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The Joys of the First Amendment

JK notes that the good people at the Shiv Sena are protesting a book that paints Shivaji in an unflattering light. Of course, Indians are not alone in banning what they don’t like, it’s just that they do it more often (and with more enthusiasm) than Western Europe. The irony is that most Western Europeans and Indians celebrate their right to free speech without being aware how fragile it really is. The lack of a strong First Amendment in both places means that freedom of speech is malleable, subject to the tastes of the ruling classes (or mobs) of the day. Freedom of speech means nothing if it does not include the right to gore sacred cows.

16 May 2006 8:32 am

2 Responses to “The Joys of the First Amendment”

  1. tarun upadhyay Says:

    Prasenjeet,

    this is a very valid point. it was only after coming to America that I realized that we did not really have free speech in India (when it comes to religious or historical matters).

    Recent ban on deepa mehta’s movie water is a good example of the limits we go to hide what is an established well-known practice.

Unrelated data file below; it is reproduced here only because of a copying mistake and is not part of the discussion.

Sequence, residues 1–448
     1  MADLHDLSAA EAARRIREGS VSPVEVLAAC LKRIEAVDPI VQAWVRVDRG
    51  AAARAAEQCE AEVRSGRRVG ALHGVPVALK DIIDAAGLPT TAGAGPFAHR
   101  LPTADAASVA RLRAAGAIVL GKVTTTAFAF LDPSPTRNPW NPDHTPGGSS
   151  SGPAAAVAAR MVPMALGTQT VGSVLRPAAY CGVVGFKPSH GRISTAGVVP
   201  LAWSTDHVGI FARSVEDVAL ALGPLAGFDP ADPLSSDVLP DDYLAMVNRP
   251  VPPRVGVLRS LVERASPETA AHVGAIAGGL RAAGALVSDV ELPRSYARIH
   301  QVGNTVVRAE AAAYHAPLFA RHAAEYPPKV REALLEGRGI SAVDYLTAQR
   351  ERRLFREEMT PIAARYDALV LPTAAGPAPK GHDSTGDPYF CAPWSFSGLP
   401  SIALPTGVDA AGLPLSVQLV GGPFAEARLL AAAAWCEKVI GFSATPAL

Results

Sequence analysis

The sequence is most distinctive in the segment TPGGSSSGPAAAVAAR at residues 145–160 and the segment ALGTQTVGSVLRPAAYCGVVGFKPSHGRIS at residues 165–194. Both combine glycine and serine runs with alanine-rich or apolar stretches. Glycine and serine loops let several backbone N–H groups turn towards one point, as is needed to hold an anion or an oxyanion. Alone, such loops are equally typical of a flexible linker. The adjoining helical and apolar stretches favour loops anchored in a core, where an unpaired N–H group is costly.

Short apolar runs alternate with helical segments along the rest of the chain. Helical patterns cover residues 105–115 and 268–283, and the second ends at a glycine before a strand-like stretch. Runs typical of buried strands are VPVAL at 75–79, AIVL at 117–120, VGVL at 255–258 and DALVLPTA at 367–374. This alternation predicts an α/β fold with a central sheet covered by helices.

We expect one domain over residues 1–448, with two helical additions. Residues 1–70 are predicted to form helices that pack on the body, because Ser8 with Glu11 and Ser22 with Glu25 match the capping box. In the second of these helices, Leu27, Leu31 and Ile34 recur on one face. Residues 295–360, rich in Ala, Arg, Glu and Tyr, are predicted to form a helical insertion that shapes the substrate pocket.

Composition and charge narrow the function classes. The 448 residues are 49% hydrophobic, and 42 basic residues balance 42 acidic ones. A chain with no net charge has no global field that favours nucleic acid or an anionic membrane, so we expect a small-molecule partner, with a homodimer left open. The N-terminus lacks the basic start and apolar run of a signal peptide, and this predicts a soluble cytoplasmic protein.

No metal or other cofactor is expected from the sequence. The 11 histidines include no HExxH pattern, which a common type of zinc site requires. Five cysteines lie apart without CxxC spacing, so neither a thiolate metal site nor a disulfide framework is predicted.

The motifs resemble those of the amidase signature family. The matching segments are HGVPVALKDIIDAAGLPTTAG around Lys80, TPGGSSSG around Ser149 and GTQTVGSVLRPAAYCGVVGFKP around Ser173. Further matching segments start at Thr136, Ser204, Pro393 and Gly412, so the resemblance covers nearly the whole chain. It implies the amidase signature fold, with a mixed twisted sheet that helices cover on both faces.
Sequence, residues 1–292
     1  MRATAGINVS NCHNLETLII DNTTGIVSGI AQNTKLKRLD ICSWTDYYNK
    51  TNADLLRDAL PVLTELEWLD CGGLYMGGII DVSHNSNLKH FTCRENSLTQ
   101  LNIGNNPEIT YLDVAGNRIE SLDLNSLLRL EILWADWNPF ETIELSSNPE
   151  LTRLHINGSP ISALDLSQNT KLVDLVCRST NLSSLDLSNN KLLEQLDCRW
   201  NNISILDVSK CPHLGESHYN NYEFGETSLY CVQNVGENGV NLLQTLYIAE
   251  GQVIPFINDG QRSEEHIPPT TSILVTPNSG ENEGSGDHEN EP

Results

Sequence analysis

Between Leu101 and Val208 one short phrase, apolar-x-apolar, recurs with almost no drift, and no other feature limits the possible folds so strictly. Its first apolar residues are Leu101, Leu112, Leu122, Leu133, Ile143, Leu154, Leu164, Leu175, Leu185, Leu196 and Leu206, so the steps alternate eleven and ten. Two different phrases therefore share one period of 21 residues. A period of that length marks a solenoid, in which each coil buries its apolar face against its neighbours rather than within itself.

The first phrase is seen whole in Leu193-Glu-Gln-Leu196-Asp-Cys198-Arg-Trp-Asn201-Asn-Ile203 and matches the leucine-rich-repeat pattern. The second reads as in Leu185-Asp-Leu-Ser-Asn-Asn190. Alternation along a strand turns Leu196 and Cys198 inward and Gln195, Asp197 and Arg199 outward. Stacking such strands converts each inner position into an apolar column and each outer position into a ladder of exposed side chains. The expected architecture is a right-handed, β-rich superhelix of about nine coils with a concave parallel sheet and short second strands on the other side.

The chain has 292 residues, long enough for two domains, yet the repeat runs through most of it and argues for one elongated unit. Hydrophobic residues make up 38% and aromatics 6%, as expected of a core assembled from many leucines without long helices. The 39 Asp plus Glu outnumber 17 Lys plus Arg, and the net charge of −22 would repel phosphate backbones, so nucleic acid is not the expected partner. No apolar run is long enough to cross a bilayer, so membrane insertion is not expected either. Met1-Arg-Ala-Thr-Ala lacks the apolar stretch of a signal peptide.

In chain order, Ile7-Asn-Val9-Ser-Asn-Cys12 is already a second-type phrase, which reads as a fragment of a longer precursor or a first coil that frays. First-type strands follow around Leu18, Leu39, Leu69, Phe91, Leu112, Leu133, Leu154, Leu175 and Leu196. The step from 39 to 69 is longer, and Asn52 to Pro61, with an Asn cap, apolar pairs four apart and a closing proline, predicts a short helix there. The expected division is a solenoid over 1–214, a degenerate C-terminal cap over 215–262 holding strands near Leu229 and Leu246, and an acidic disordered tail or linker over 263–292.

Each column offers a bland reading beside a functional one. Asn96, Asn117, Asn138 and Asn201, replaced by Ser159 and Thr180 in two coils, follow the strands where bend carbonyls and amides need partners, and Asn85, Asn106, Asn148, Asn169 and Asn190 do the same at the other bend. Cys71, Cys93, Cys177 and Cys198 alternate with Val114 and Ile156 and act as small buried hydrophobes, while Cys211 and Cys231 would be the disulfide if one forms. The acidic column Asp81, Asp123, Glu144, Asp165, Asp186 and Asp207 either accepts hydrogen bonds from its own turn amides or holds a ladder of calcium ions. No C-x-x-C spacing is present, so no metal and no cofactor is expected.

2. musings of an iconoclast: tarun upadhyay’s blog » Blog Archive » does indians really have freedom of speech on religious matters? Says:

    [...] Prasenjeet makes a valid observation about freedom of speech in India and western Europe: The irony is that most Western Europeans and Indians celebrate their right to free speech without being aware how fragile it really is. The lack of a strong First Amendment in both places means that freedom of speech is malleable, subject to the tastes of the ruling classes (or mobs) of the day. [...]

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